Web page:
Case Study: Creating the Global Analytic Workspace - OLAP

The following case study explains the choices made in creating an analytic workspace from the GLOBAL star schema.

Defining the GLOBAL_AW Workspace User

This example creates the GLOBAL analytic workspace in a different schema from the source tables. Example lists the SQL commands to define the GLOBAL_AW user with sufficient access rights to use Analytic Workspace Manager and to access the GLOBAL star schema. Alternatively, you can define users through Oracle Enterprise Manager.

Example SQL Script for Defining the GLOBAL_AW User

Examining Sparsity Characteristics for GLOBAL

By using SQL SELECT commands with the COUNT and COUNT(DISTINCT) functions, you can estimate how dense the resulting multidimensional cubes will be in the analytic workspace.

The PRICE_AND_COST_HISTORY_FACT table has 1407 rows with values for both UNIT_PRICE and UNIT_COST out of a possible 1728 dimension value combinations (48 months * 36 products). The Price cube (which is mapped to the PRICE_AND_COST_HISTORY_FACT table) is 80% dense, and so a composite will actually slow performance rather than improve it. A dense cube is fairly unusual, and the Create AnalyticWorkspace wizard does not support it, nor does the DBMS_AWM PL/SQL package. Thus, you will need to make some modifications to the workspace object definitions before loading the data.

The UNITS_HISTORY_FACT table has 110,166 rows with values for UNITS out of a possible 316,224 dimension value combinations (48 months * 36 products * 61 customers * 3 channels). This cube is 30% dense, which is sufficiently sparse for a composite.
Because Time is aggregated to the month level, the Time dimension is probably dense. This cube can use the default composite.

Running the Create Analytic Workspace Wizard

Make these choices when running the Create Analytic Workspace wizard:

  • On the Choose Data Loading Options page, do the following:
    • Choose the second build option, Build analytic workspace and load dimensions. This choice enables you to make modifications to the variable definitions before loading the data.
    • Clear the Generate unique keys box. The dimension tables use surrogate keys for all levels to assure unique dimension values.
  • On the Choose Advanced Storage and Naming Options page, no prefix is needed when naming the workspace objects because the analytic workspace is being created in a different schema from the relational tables. The cube name prefix is optional, but may be useful when an analytic workspace contains multiple cubes.

The selected build option causes the Create Analytic Workspace wizard to define all of the workspace objects and fetch all of the data from the dimension tables. The measures are defined but do not have data. You can make changes to the object definitions before loading the data.

(An alternative approach to the one taken in this example is to generate a SQL script and modify the calls to DBMS_AWM, so that the analytic workspace is generated correctly and does not require modification.)

Manually Changing Object Definitions

Measure names such as UNIT_PRICE and UNIT_COST are given to the formulas in the analytic workspace that are used to aggregate the variables. The data itself is stored in variables with names like UNIT_PRICE_VARIABLE and UNIT_CUBE_VARIABLE.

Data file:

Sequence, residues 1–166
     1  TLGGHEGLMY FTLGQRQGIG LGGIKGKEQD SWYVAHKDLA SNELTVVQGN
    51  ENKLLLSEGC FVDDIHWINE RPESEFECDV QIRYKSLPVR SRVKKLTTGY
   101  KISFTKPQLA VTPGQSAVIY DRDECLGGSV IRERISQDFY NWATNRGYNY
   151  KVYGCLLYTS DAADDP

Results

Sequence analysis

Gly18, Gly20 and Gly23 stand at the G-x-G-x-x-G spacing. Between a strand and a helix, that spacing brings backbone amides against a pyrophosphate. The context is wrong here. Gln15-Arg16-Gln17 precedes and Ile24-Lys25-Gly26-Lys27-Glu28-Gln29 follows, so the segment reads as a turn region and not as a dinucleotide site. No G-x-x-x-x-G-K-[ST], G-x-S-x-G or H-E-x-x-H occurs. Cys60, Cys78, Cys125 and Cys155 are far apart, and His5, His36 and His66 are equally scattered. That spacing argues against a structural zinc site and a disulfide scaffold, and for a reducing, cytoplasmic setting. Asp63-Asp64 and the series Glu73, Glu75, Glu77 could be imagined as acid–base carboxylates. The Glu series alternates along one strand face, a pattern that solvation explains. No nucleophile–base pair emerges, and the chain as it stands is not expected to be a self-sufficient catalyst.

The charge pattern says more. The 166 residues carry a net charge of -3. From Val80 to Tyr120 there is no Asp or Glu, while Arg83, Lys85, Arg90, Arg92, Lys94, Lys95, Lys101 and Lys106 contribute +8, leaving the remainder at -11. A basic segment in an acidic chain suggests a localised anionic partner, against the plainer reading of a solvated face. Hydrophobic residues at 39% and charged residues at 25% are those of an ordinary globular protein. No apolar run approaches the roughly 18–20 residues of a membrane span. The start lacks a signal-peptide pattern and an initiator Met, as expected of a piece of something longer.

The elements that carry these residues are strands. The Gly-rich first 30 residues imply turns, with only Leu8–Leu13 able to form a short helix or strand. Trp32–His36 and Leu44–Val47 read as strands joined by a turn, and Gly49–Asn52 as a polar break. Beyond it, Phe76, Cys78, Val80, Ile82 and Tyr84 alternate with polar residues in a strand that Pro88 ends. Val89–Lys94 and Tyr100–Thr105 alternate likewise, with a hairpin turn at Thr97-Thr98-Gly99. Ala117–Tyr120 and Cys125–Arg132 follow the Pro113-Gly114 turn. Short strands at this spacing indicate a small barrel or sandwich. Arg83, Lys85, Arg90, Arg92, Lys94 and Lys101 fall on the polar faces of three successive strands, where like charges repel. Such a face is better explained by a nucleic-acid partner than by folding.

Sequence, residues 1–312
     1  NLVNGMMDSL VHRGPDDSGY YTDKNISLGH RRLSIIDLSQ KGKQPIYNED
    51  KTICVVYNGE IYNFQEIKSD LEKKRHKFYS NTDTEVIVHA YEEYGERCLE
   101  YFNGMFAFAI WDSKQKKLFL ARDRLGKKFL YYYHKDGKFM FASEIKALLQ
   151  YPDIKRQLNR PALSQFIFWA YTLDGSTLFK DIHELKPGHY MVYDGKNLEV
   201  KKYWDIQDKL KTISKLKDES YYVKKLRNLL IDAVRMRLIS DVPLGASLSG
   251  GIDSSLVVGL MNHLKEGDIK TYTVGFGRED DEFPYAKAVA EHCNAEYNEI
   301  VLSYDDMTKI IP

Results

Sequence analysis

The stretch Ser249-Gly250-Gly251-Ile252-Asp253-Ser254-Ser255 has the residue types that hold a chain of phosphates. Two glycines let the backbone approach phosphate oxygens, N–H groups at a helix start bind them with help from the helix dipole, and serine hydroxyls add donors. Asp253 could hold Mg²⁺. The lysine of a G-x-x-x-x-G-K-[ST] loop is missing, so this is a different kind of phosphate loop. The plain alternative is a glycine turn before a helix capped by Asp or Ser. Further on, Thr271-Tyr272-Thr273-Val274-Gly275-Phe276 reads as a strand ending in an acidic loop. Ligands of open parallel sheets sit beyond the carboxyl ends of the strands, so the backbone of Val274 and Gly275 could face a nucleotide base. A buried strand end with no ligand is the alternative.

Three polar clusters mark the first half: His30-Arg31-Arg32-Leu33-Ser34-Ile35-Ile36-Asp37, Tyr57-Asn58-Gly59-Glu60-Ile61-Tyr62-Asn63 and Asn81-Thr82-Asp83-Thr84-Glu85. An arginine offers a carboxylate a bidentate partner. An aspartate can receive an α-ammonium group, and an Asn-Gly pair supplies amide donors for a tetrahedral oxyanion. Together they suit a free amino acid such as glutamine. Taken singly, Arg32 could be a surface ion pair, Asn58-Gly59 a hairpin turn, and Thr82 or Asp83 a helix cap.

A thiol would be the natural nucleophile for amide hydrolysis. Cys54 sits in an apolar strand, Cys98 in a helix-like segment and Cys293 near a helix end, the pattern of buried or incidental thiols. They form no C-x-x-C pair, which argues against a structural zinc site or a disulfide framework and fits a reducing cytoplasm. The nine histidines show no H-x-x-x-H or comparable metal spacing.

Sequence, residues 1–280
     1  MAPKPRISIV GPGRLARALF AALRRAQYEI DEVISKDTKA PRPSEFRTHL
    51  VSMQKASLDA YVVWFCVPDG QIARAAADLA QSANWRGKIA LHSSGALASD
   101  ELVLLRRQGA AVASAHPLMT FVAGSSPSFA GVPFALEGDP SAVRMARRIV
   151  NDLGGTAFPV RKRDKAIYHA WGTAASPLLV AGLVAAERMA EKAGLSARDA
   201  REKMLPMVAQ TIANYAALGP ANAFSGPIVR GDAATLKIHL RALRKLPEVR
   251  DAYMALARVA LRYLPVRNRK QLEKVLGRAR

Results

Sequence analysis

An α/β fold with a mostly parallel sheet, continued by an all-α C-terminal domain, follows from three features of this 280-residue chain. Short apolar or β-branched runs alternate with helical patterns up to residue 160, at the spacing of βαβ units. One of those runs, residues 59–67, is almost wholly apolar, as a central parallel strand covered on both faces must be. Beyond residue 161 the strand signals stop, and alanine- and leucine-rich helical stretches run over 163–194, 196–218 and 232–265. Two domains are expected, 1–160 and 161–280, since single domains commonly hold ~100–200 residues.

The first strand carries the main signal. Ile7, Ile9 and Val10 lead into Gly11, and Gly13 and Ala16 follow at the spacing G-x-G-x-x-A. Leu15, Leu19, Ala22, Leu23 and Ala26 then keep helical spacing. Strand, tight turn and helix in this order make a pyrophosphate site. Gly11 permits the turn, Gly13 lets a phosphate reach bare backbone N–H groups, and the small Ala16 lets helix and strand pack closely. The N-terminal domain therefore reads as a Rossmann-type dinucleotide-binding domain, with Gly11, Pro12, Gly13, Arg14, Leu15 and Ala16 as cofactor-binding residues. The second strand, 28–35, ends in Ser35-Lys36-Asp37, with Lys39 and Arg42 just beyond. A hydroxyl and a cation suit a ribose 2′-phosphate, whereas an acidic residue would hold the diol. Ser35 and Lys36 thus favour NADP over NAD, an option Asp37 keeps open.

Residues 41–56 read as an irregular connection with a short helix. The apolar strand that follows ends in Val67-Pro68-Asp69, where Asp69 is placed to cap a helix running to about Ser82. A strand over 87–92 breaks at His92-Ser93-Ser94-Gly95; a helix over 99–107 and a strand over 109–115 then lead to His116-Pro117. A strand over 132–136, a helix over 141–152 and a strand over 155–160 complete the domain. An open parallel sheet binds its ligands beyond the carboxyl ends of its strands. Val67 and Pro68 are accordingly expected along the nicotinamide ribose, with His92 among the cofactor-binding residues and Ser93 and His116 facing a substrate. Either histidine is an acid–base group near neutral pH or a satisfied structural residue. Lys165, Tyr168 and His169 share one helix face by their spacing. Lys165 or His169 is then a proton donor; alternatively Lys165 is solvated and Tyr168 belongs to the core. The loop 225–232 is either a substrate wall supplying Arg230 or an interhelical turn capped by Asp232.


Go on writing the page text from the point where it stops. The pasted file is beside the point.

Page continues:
Using OLAP Worksheet and the OLAP DML, you can make two changes to UNIT_ PRICE_ VARIABLE and UNIT_COST_VARIABLE:

  • Remove the composite. The Price cube is 80% dense, as explained in "Examining Sparsity Characteristics for GLOBAL".
    UNIT_PRICE_VARIABLE and UNIT_CUBE_VARIABLE store the data for the Price cube. Because these variables are dense, defining them with a composite would actually slow performance.
  • Change the data type. The data for the Price cube is easily handled by the SHORTDECIMAL data type. Use DECIMAL (8 bytes) and SHORTDECIMAL (4 bytes) whenever possible to save storage space and maximize performance. DECIMAL is the default numeric data type. For a full list of data types, search Analytic Workspace Manager Help.

These are significant changes that require the variables to be redefined, not simply modified.
Take these steps to redefine the variables:

  1. In the Object View, attach the GLOBAL analytic workspace with read/write access.
  2. Choose OLAP Worksheet from the Tools menu.
  3. In the lower pane (the query window) enter this command to display the object definitions for the two variables:
    FULLDSC price_cube_unit_price_variable price_cube_unit_cost_variable
  4. Select the full object definitions from the top pane (the response window) and paste them into a text editor.
  5. Edit the definitions so that they look like the following code example. Note the DELETE command at the beginning, the changes to the data type and dimensionality in the DEFINE commands, the addition of a CONSIDER command after each DEFINE, and the standard form PROPERTY commands listed with the full command on a single line.
  6. Save the file in, or move it to, a disk directory that has been defined as a directory object in the database. Then use the OLAP DML INFILE command to execute the file. INFILE is equivalent to the SQL @ command.
  7. INFILE 'directory_object/filename' Check the response window for errors. To fix them, edit the file and execute it again.
  8. To save these changes, type these commands into the query window and execute them:
    UPDATE COMMIT

Completing the Build

After all of the changes are made to the workspace object definitions, run the Refresh wizard to load the data, as described in "Refreshing the Data in an Analytic Workspace" .The dimensions do not need to be refreshed; only the cubes.
The workspace can be enabled now or after deploying an aggregation plan.


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